News Dec 23, 2015 09:59 PM EST

SpaceX Falcon 9 Rocket Makes it to Space and Back for the First Time

By Staff Writer

December 21, 2015, was a historic day for SpaceX, the company started by Elon Musk. Their Falcon 9 rocket was able to successfully land for the first time after their last attempt failed six months ago.

The Falcon 9 rocket went to space, successfully deployed a payload of 11 satellites into low Earth orbit, and then was able to land vertically on the designated landing pad. The New York Times reported that Musk, who was at the launch site in Florida that evening, described the scene, "It really felt like it was right on top of us." 

The landing was an impressive feat for the company. After the Falcon 9 was able to reach orbit and deploy the satellites, the engines from the booster stage reignited to push it back into Earth's gravity and direct it to Cape Canaveral. Only ten minutes after its departure from the surface of the earth, it was able to land, intact, six miles south from its origin as the team planned.

This year, the company had tried twice to land and retrieve rockets. Each time, the rockets were able to complete their space missions and come back to Earth, but they were unable to control their descent well enough to touch down on the floating landing platforms in the Atlantic.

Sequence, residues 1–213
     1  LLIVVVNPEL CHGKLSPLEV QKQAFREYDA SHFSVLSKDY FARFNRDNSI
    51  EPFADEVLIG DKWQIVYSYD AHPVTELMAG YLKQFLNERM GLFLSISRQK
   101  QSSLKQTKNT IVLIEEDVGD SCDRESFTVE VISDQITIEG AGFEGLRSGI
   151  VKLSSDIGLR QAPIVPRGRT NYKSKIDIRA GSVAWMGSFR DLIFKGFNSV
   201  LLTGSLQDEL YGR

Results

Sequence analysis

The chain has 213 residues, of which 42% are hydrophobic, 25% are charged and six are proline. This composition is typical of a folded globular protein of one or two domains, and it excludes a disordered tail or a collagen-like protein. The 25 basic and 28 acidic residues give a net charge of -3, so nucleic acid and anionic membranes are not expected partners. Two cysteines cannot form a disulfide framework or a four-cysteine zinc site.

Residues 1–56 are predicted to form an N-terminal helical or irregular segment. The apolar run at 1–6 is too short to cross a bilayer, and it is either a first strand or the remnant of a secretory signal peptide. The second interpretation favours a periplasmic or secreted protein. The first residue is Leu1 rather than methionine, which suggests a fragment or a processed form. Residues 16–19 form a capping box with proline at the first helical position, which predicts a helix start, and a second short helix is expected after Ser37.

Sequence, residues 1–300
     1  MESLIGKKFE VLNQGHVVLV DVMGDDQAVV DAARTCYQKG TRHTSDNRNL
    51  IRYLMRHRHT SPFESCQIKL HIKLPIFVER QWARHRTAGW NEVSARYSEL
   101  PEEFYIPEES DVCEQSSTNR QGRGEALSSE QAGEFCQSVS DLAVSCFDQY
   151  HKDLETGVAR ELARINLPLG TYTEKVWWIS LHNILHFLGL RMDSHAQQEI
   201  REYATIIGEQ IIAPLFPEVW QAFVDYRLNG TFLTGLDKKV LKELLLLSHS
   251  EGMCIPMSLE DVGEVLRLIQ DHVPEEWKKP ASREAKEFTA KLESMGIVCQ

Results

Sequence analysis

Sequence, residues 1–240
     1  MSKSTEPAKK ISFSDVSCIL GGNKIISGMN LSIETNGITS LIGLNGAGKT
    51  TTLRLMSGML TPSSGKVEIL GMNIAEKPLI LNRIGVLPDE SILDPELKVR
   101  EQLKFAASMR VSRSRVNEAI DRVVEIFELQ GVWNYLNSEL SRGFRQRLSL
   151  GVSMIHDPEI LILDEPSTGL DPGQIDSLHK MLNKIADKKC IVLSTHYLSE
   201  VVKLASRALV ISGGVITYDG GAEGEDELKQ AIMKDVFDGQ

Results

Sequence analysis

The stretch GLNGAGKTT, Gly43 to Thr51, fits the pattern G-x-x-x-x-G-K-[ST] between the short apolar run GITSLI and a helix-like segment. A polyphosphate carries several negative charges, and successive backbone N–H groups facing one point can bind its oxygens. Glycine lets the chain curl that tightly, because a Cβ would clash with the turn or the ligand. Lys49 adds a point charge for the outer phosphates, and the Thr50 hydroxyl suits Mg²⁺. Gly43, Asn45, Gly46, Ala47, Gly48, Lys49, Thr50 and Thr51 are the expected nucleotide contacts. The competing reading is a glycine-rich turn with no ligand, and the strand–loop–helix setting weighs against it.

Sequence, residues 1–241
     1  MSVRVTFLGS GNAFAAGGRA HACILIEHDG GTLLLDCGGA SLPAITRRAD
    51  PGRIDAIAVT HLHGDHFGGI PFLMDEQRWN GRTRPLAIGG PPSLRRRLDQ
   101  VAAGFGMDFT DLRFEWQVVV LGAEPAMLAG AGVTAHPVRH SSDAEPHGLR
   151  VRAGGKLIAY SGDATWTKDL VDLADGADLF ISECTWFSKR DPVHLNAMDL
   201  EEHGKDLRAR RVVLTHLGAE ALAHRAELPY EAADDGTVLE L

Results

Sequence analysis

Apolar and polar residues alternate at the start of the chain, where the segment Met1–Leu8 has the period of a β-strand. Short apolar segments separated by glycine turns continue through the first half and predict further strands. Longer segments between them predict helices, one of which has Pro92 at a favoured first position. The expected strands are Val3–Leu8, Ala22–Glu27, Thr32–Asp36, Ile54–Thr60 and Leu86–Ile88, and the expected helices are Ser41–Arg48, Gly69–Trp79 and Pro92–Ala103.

These failures prompted the SpaceX team to update the designs for the Falcon 9 rocket, chilling the liquid oxygen 40 degrees colder than before and the kerosene fuel 50 degrees cooler. Musk explained in a tweet that the decrease in temperatures would help the performance of the engines.

The major goal of SpaceX is to retrieve the rocket boosters used for their rockets after it launches.

As CNET noted, "the rocket boosters for most space launches have fallen into the ocean, never to be used again."

The success of this launch brings the promise of reusable rockets closer to reality and, therefore, the possibility of cost-effective space travel.

The Verge reported that the cost of creating a rocket would cost $16 million and $200,000 to fuel so if SpaceX were able to consistently re-use their rockets it would remove the necessary $16 million fee each time a space mission was required.

Despite the promises of an improved space industry, Musk has said that it would take the company some years to figure out the process, especially since this is only the first successful landing the company has had.

For those dreaming of the opportunity to fly to the moon on a private space shuttle, they will have to wait a little longer. 

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